For Pa. trooper pursuing cold case, relief mixes with frustration
The trooper tries to answer who the young woman was found more than four decades ago
By Holly Herman
READING, Pa. — It was a day of relief that brought yet more unanswered questions for state Trooper Nathan Trate.
Earlier this week, Trate learned that Betsy Langjahr is alive. The trooper had suspected that she could have been the unidentified young woman found dead in Lebanon County 42 years ago.
While Trate is grateful that Betsy is alive and well, he grapples with a familiar question. Who is the young woman who was found more than four decades ago?
"I know we will find out who she is," Trate said Wednesday. "We won't let our children go unnamed. There is someone out there who misses this girl."
The trooper said he will then search for a suspect.
"We have to find out who she is, and then we have to find out who did it," Trate said.
Trate has been leading the cold case investigation for two years. At a news conference Friday, he said investigators were focusing on the possibility that Langjahr was the young woman whose decomposed body was found Oct. 23, 1973, under a tarp in a wooded area in northern Lebanon County.
The remains of the 16- to 20-year-old were found not far from where Interstate 81 splits off from I-78 near Fort Indiantown Gap.
At about the same time, four young women had run away from Talbot Hall in nearby Jonestown, a home for troubled teens that has since closed. Langjahr was the only one of the four police had never been able to locate.
Having hit a dead end, Trate is back to calling the dead woman Jane Doe.
Following the news conference, the notion that the victim was Langjahr quickly proved unfounded.
Trate said he spoke to Langjahr on Tuesday after family members notified him that she was alive but going by a different name.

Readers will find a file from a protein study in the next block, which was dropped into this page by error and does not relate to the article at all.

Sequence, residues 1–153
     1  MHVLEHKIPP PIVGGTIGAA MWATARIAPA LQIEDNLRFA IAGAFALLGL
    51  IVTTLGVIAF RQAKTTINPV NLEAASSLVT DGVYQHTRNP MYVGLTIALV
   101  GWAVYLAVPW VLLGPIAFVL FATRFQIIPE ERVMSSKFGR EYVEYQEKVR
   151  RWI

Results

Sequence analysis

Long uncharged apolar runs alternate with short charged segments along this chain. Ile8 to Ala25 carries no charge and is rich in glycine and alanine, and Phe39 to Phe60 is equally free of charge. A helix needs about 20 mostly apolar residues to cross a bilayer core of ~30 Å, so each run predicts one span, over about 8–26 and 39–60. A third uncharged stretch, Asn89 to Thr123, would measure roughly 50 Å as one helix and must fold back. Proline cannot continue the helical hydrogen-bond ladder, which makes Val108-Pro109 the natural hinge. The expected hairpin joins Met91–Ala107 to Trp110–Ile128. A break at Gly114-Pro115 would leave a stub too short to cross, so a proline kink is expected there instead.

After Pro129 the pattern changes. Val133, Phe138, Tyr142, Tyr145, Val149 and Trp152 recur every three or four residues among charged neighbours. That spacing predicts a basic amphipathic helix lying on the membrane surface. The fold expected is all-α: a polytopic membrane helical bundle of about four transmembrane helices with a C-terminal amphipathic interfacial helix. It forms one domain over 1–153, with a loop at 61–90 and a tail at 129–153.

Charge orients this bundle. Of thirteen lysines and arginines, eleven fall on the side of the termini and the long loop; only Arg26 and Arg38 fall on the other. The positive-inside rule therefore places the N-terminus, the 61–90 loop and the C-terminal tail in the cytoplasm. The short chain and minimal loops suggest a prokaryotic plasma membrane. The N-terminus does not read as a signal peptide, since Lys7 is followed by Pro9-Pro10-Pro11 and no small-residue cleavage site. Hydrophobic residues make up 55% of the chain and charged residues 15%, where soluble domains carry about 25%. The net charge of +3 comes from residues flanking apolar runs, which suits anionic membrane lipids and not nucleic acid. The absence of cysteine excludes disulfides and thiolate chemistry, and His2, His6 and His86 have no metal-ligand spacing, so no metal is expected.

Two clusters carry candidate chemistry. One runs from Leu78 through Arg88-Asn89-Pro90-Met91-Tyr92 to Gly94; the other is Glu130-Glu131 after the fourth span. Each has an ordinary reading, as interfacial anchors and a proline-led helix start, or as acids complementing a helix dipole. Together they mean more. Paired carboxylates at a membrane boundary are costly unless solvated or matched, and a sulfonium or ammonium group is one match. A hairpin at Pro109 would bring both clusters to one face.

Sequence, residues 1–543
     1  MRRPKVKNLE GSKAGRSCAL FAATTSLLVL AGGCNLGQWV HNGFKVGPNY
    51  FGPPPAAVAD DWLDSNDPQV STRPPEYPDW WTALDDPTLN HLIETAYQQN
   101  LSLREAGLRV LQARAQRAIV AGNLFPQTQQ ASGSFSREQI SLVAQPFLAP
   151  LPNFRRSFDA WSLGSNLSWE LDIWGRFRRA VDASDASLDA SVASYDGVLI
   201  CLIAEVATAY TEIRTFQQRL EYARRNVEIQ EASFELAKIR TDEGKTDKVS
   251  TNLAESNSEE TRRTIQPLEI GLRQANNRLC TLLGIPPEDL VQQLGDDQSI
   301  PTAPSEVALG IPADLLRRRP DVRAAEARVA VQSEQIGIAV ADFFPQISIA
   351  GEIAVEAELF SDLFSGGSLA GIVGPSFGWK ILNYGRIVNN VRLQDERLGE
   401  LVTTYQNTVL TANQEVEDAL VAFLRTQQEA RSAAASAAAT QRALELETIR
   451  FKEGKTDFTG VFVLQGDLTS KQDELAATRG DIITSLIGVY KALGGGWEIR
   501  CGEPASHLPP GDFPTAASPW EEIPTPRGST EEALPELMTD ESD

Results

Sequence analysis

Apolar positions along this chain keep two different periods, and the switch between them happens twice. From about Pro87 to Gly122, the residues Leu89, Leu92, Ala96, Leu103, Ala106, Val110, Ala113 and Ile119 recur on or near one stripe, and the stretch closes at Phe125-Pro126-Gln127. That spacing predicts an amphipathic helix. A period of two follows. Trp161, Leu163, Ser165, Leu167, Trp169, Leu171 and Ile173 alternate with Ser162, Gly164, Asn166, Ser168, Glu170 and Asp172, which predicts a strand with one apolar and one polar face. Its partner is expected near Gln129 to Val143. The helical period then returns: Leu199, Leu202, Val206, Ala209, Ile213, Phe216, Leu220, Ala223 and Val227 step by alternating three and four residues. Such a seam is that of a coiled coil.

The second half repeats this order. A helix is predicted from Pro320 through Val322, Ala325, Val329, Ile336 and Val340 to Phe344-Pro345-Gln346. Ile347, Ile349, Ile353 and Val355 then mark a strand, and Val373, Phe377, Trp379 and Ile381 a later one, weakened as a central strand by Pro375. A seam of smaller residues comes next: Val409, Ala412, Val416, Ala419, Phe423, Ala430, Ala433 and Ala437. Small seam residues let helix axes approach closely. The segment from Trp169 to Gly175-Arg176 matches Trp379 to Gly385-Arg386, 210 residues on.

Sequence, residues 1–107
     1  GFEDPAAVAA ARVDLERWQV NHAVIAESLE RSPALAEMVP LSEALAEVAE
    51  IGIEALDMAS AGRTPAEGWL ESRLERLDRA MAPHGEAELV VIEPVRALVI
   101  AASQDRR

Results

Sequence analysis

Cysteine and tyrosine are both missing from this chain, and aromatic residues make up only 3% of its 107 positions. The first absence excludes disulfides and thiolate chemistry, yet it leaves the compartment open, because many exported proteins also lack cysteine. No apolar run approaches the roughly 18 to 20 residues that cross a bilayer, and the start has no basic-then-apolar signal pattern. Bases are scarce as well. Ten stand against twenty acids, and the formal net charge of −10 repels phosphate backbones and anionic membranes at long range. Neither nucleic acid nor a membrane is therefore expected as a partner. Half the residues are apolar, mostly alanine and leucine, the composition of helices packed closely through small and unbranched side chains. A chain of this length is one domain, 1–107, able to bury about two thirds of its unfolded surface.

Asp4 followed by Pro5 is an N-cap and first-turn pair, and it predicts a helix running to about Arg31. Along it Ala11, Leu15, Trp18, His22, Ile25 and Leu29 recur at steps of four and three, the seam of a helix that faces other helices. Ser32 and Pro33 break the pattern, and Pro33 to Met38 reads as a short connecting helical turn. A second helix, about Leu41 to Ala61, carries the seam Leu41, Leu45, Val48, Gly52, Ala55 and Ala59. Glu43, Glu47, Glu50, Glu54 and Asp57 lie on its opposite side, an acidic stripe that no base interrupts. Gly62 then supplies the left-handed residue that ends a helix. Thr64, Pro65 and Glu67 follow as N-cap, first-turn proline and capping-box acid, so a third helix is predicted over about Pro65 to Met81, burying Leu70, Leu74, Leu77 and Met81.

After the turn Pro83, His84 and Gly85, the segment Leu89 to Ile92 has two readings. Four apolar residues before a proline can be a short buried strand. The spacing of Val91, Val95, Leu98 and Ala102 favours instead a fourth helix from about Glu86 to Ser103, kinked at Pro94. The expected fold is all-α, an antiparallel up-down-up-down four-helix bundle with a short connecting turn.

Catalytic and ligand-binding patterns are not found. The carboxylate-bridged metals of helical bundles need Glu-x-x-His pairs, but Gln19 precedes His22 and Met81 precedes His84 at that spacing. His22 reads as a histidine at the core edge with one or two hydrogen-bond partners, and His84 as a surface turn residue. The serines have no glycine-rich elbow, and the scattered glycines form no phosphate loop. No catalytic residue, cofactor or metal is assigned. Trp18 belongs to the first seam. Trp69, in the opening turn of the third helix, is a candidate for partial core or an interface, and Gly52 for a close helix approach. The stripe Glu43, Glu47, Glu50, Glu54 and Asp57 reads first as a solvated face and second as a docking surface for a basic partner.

"The family was happy to rule Betsy out," Trate said.
"It's good to know that Betsy is alive and well," he added. "She is a private person who wants to remain private."
In pursuing his first cold case involving an unidentified victim, he is checking on leads of young women listed as missing by the National Center for Missing and Exploited Children in Alexandria, Va., particularly those who were missing when the body was found.
"There are a lot of girls on the missing persons website," Trate said. "The agency is a great resource."
He also said that state police have received tips in response to widespread news reports of Friday's news conference, at which troopers unveiled a forensic bust of the dead woman.
Not Just A File
Carol L. Schweitzer, senior forensic case specialist for the National Center for Missing and Exploited Children, is hopeful the case will be solved.
"Back in the 1970s, there was no national missing persons log, no mandatory reporting, especially in a case of a juvenile delinquent," she said.
In 1984, the federal government established an agency to provide law enforcement with assistance.
Schweitzer said the agency provides police and others with other avenues to search for missing persons.
"We see a lot of these old cases where classmates and relatives are looking for their friends," she said. "We are in a fortunate situation, where we provide assistance in these cases all day long."
Schweitzer also suggested checking neighboring counties for old missing persons reports.
Schweitzer said Trate has the tenacity to move this case forward.
"He is very positive," she said. "I love working with detectives like Trate. He believes this is not just a case file. He sees a young woman who he is trying to put a face to."
Trate remains confident he will do just that.
"This case is challenging and fun and frustrating and sad at the same time," he said. "I am very optimistic that we will figure this out."
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